When using equity to buy investment property, cross-collateralised loans should be avoided where possible. Instead, investors should seek to mortgage each property separately. You can use the equity in one property to help finance the deposit and borrowing costs for a new property and then set up the mortgage as a separate loan, which ensures one property will not be affected by another if there is a need to sell at a point in the future.
The following example demonstrates the two scenarios, one involving a cross-collateralised loan and the other with separate loans.
Case study: cross-collateralisation
Jack’s home is worth $600,000 with $200,000 outstanding on his mortgage. He wishes to use some of that equity in his home to finance an investment property that costs $400,000.
Jack may have the option to borrow $420,000 to purchase the property, plus costs. While he avoids having to make a cash deposit, his loan is cross-collateralised with his family home. In essence, Jack’s two properties worth $1,000,000 are being used as security for his $420,000 loan.
Non cross-collateralised option:
Jack establishes a new loan against his home for $100,000 (to cover the $80,000 deposit and $20,000 stamp duty and other costs for the new property). This takes his total loan on his family home to $300,000 although for tax reasons the interest for the additional $100,000 would be tax deductible.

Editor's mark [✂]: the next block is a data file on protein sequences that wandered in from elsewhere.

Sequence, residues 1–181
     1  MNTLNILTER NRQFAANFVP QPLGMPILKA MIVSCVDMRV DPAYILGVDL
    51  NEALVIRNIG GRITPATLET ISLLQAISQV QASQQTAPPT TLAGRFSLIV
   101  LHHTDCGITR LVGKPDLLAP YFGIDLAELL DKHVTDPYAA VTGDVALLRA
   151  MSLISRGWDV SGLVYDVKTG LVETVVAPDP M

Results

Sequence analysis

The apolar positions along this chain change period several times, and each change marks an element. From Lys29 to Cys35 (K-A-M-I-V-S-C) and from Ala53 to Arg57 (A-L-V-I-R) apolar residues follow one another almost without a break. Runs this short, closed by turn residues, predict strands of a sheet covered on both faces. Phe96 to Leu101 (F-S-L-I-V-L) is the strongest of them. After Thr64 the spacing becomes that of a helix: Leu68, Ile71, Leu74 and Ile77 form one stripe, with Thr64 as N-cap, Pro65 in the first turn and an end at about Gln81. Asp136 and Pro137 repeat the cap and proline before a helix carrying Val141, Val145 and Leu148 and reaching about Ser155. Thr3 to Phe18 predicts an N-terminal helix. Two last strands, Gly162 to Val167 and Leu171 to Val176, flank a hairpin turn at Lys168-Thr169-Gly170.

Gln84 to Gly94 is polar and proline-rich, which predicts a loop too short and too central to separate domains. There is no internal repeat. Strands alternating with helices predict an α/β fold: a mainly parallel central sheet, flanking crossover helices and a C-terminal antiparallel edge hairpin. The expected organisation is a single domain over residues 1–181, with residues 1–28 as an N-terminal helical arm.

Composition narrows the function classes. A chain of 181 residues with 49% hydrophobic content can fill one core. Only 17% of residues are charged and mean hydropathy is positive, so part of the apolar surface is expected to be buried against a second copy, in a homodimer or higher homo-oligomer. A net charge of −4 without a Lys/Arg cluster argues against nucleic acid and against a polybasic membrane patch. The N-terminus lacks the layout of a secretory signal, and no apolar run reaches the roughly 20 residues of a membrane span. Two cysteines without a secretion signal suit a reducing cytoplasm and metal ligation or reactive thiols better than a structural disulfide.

Then a new mortgage of $320,000 (the remaining 80%) is established, either with the same bank or another lender that provides more favourable terms. If Jack had a long-term goal to purchase several properties over a few years, he could make the initial loan against his home large enough to cover the minimum deposit for three properties, ensuring he has preserved equity ready to use when the opportunity to purchase arises (provided he has the cash flow to sustain this approach).
By choosing the non-collateralised approach, investors have greater flexibility when using equity to buy investment property. It also places less risk on the property being used as security which is very important, particularly if the property is owned by your parents or a family member.
It is also important to remember that equity can be used for other opportunities besides purchasing a new property. For example, equity can be used to borrow money to renovate or improve a property to increase the income that property is able to generate. There are many opportunities available which are worthy of consideration.
So while the values of properties across Australia remain high and the cost of borrowing money is the lowest it's ever been, now is a good time to explore the option of using equity to buy investment property.
If this is an option you would like to explore further, contact an Investor Assist Property Investment Specialist on 9200 7200 or contact us here for details. Alternatively, we can direct you to one of the highly experienced finance experts at our partners at Resolve Finance or BlueBay Home Loans for specialised finance information about re-mortgaging your existing family home or other properties to avoid cross-collateralising your portfolio. Using equity to buy investment property is a smart choice but it always pays to talk to the experts!